Fact check: Stefanik’s statements on health care are misleading

U.S. Rep. Elise Stefanik speaks with the Enterprise editorial board Oct. 5, 2018, at the newspaper’s Saranac Lake office. (Enterprise photo — Aaron Cerbone)

SARANAC LAKE — When U.S. Rep. Elise Stefanik talked with the Enterprise editorial board on Oct. 5, she made a claim about her health care voting record that doesn’t check out after some post-interview research.

In the face-to-face interview, Stefanik said there were several lies being spread about her, including one that she had voted to repeal the Affordable Care Act without a replacement plan. While she opposed most of the ACA, Stefanik said this month she never voted to repeal without offering a replacement package.

“I have always been very clear: I do not support repeal-only,” Stefanik said. “Some of my colleagues do. I support repeal with comprehensive replacement.”

However, in February 2015 — four weeks into her first term — she voted for a bill to repeal the ACA without directly replacing it.

H.R.596, a budget reconciliation bill, would have repealed the ACA and provisions of the Health Care and Education Reconciliation Act of 2010, effective 180 days after the passing of the bill. The bill laid out guidelines for creating a replacement bill in broad terms, but provided no deadline for when this replacement should pass.

Shortly before voting for that bill, Stefanik told the Medical Society of the State of New York, in Lake Placid, that she thought a Republican replacement bill would be released later in 2015. As it turned out, no GOP replacement went public until 2017, after Republican President Donald Trump was in office.

H.R.596 would have set 12 provisions for a replacement that included lowering health care premiums, providing people with pre-existing conditions access to affordable health coverage and increasing the number of insured Americans.

In a follow-up phone interview Monday Stefanik maintained that this bill adequately provided a replacement system for the ACA and said the vote was a minor one.

“This is a budget reconciliation bill, which is a procedure in terms of the Congressional rules,” Stefanik said. “I voted to move forward the process, the budget reconciliation process.”

However, in the Oct. 5 interview Stefanik said, “I am held to account for my record on procedural votes moving legislation forward,” and said her Democratic opponent, Tedra Cobb, should “own her votes.”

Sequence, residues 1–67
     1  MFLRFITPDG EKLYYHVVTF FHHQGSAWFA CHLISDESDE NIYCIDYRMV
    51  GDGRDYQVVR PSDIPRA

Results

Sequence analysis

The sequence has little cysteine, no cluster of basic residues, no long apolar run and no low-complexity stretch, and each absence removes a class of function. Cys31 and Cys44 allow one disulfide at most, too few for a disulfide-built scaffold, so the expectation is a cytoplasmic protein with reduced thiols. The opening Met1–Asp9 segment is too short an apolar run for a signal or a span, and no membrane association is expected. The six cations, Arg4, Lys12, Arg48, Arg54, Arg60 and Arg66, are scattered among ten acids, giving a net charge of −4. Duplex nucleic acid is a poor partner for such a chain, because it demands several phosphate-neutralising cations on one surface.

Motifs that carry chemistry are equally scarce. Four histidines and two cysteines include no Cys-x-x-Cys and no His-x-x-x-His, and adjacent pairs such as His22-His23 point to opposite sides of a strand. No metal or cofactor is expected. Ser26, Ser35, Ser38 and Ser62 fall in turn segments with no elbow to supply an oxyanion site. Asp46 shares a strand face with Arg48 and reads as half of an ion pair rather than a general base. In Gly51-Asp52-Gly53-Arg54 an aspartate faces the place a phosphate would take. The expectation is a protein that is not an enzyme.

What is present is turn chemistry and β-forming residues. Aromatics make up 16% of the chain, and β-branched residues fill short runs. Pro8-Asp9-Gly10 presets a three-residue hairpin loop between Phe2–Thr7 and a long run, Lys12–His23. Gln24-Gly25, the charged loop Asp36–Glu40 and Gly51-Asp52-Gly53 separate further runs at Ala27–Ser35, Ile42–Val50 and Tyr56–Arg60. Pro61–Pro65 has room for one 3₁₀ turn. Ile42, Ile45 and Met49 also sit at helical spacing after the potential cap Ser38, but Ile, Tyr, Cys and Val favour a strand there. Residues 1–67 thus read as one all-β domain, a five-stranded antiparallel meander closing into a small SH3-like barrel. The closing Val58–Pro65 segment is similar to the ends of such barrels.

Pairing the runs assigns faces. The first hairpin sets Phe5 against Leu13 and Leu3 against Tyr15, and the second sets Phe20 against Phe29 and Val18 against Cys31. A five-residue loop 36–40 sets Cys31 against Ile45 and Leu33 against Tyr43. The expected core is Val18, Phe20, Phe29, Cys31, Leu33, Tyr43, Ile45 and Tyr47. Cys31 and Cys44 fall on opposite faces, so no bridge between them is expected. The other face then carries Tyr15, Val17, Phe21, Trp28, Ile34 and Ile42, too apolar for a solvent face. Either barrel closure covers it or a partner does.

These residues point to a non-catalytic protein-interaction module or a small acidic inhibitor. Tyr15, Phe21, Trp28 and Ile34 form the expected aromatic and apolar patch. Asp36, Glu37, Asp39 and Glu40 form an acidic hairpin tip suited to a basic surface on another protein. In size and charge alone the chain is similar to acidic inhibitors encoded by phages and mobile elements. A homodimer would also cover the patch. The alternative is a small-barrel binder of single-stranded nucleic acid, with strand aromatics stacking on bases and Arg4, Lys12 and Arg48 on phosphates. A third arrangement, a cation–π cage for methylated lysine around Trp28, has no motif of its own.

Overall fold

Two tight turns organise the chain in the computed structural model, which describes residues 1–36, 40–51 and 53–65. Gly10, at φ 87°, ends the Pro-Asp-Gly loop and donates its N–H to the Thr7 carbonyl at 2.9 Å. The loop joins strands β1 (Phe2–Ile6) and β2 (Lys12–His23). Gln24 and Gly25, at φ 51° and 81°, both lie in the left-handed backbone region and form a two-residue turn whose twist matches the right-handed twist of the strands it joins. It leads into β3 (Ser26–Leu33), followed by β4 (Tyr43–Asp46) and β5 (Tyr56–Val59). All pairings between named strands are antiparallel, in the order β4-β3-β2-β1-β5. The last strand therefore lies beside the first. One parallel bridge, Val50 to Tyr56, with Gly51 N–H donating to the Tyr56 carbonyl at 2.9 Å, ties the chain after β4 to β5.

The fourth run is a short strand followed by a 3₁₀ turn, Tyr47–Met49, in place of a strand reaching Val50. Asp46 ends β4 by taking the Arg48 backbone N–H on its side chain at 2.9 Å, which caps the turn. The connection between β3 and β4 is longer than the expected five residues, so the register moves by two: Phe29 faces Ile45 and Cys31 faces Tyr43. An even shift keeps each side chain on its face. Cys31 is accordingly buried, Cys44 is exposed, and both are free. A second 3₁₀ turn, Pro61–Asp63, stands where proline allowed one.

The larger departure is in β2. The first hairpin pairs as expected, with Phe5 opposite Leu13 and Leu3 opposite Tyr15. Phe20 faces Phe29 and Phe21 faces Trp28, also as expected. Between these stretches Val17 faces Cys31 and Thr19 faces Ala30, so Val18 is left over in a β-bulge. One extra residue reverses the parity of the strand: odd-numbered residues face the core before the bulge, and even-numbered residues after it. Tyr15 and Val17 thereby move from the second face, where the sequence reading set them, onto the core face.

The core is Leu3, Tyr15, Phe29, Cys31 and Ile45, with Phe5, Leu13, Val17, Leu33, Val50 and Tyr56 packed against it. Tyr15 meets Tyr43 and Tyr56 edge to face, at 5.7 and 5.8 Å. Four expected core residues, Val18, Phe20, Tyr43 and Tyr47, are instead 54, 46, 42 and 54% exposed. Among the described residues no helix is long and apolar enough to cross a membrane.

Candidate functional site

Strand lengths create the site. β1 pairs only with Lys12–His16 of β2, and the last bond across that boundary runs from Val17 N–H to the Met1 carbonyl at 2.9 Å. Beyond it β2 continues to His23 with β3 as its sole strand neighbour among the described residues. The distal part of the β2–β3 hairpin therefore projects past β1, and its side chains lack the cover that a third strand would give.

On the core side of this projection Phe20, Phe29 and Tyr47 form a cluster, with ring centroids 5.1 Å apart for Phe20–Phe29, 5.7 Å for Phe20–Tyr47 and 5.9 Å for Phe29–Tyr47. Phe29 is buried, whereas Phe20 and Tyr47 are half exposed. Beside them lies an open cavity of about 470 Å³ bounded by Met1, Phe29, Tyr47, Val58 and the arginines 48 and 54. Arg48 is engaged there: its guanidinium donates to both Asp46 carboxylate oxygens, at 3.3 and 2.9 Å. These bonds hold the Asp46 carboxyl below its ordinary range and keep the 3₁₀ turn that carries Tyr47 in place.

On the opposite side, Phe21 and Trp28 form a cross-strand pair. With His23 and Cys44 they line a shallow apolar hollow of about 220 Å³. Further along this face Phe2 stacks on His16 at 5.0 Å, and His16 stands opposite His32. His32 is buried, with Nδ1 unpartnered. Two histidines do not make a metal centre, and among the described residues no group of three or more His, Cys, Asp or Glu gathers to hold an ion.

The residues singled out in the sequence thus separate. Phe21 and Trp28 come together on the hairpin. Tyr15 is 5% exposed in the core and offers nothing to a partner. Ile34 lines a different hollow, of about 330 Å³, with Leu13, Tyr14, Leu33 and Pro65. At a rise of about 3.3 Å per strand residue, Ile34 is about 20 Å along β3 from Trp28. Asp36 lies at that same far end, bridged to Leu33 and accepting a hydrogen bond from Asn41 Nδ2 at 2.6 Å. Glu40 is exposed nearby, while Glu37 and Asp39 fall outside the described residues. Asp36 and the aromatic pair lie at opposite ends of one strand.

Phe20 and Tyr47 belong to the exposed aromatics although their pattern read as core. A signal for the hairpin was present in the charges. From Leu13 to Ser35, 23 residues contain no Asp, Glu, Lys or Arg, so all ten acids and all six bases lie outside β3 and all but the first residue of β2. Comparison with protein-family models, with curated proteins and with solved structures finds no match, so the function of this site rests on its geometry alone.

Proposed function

For the most part, Stefanik seems to stick by her claim that “I do not support repeal-only.” Other than H.R.596, the Enterprise could not find an instance in which she voted to repeal without a replacement.

Other health care votes she took included to remove major aspects of the ACA, such as the individual mandate and medical device tax, while keeping coverage for pre-existing conditions and letting people stay on their parents’ plans up to age 26.

CNN sourcing

The previous article stated that the campaign’s “Cuomo Clone” ad states that “Taxin’ Tedra wants a trillion dollars in new taxes,” citing a CNN source the Enterprise was unable to verify. On Monday, Lenny Alcivar, Stefanik’s campaign director sent over a link to a CNN article published on the date the ad gives, titled “Sanders’ last ‘Medicare for all’ plan cost nearly $1.4 trillion.”

Though this article does not mention Cobb, it reports that Sen. Bernie Sanders’ ‘Medicare for all’ plan, like one she might support, would cost nearly $1.4 trillion a year. To pay for this amount, Sanders proposed a new 2.2 percent income tax on all Americans, a 6.2 percent levy on employers and increase taxes on the wealthy. Cobb supports some version of Medicare for all but has not singled out a particular plan.

Sanders said despite this extra cost, individuals would save money because they would not be paying monthly premiums or deductibles to insurance companies, and that businesses would save more than $9,400 annually, per employee, because they would not be picking up a share of workers’ premiums.

The Enterprise has found that Stefanik’s claim about her health care voting record being maligned was misleading as was the claim in the television ad.


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